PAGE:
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Criticised Michelle Obama for bare head Saudi visit, Trump brought Melania the same way

RIYADH: Accompanying her husband on his first international trip, US first lady Melania Trump on Saturday stepped off of Air Force One conservatively dressed in long sleeves and pants but without a headscarf, potentially creating a stir in the conservative Islamic country.

Instead, Trump’s below-the-shoulder brown hair blew freely in the breeze at King Khalid International Airport in the capital city of Riyadh.

Senior adviser and President Donald Trump’s daughter Ivanka Trump, travelling as part of the presidential entourage, was also seen not wearing an abaya (traditional robe).

Melania Trump followed the example of her predecessor Michelle Obama, who during a visit to the country in 2015, attended several public events without a headscarf, ABC News reported.

Michelle Obama did not cover her head when she accompanied then-President Barack Obama on a condolence visit in January 2015 after the death of King Abdullah. And during her time as first lady, Laura Bush generally went without covering her head, though she once briefly donned a head scarf she received as a gift.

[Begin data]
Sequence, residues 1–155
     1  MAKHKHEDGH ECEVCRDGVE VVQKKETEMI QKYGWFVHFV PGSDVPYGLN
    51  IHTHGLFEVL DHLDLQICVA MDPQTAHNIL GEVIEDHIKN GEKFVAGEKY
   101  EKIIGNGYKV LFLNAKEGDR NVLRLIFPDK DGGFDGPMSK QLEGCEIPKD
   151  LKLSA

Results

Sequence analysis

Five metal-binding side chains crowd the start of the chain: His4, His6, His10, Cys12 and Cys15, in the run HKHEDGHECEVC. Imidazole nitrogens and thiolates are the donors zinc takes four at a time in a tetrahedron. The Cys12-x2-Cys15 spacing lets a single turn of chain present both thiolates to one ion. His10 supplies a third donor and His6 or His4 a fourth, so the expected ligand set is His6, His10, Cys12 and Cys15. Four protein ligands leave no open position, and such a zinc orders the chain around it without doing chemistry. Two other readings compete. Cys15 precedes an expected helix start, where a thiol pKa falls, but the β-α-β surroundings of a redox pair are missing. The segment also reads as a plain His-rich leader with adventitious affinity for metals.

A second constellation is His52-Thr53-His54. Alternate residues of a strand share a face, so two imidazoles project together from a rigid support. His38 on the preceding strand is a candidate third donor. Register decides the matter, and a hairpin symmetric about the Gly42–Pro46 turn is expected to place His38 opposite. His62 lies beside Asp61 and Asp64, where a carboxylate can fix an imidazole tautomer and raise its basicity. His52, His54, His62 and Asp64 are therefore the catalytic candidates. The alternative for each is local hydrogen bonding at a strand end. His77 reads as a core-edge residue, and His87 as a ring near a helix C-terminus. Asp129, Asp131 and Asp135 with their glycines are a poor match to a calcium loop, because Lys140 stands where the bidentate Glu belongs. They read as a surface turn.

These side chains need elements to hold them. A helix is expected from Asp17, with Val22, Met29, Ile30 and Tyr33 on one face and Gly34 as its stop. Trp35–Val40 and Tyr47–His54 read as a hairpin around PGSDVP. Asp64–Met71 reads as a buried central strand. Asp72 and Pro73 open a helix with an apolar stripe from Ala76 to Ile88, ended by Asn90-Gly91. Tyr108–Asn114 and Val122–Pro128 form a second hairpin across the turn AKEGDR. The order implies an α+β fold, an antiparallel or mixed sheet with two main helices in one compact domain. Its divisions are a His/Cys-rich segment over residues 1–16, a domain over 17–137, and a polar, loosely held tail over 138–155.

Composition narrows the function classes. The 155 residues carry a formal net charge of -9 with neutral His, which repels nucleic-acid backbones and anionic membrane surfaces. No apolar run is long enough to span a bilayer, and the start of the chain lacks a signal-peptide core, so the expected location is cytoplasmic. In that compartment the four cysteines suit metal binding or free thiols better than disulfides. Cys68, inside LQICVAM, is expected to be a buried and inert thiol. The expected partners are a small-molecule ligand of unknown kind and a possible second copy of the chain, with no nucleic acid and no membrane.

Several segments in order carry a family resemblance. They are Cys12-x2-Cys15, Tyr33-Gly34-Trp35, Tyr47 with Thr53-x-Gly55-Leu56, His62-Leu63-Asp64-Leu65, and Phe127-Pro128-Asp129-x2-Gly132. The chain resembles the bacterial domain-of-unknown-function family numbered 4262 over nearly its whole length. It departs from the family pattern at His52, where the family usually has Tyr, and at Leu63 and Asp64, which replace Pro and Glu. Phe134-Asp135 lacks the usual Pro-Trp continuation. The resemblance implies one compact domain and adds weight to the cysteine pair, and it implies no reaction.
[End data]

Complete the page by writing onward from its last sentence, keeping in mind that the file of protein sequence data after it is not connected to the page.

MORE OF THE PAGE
Donald Trump criticised Ms Obama for appearing bare-headed in 2015. During the Obamas’ visit, Mr Trump tweeted, “Many people are saying it was wonderful that Mrs Obama refusing to wear a scarf in Saudi Arabia, but they were insulted. We have enuf enemies.”

Now Trump’s long trail of Twitter messages comes back to haunt him.

Twitter reacted to Melinia Trump and criticised the US president for ‘double standards’ and hypocrisy when it came to his statements on Michelle Obama two years ago.

Under the kingdom’s strict dress code for women, Saudi women and most female visitors are required to wear a loose, black robe, known as an abaya, in public. Most women in Saudi also cover their hair and face with a veil known as the niqab.

But covering one’s head is not required for foreigners, and some Western women choose to forego the headscarf while in Saudi Arabia.

Agencies input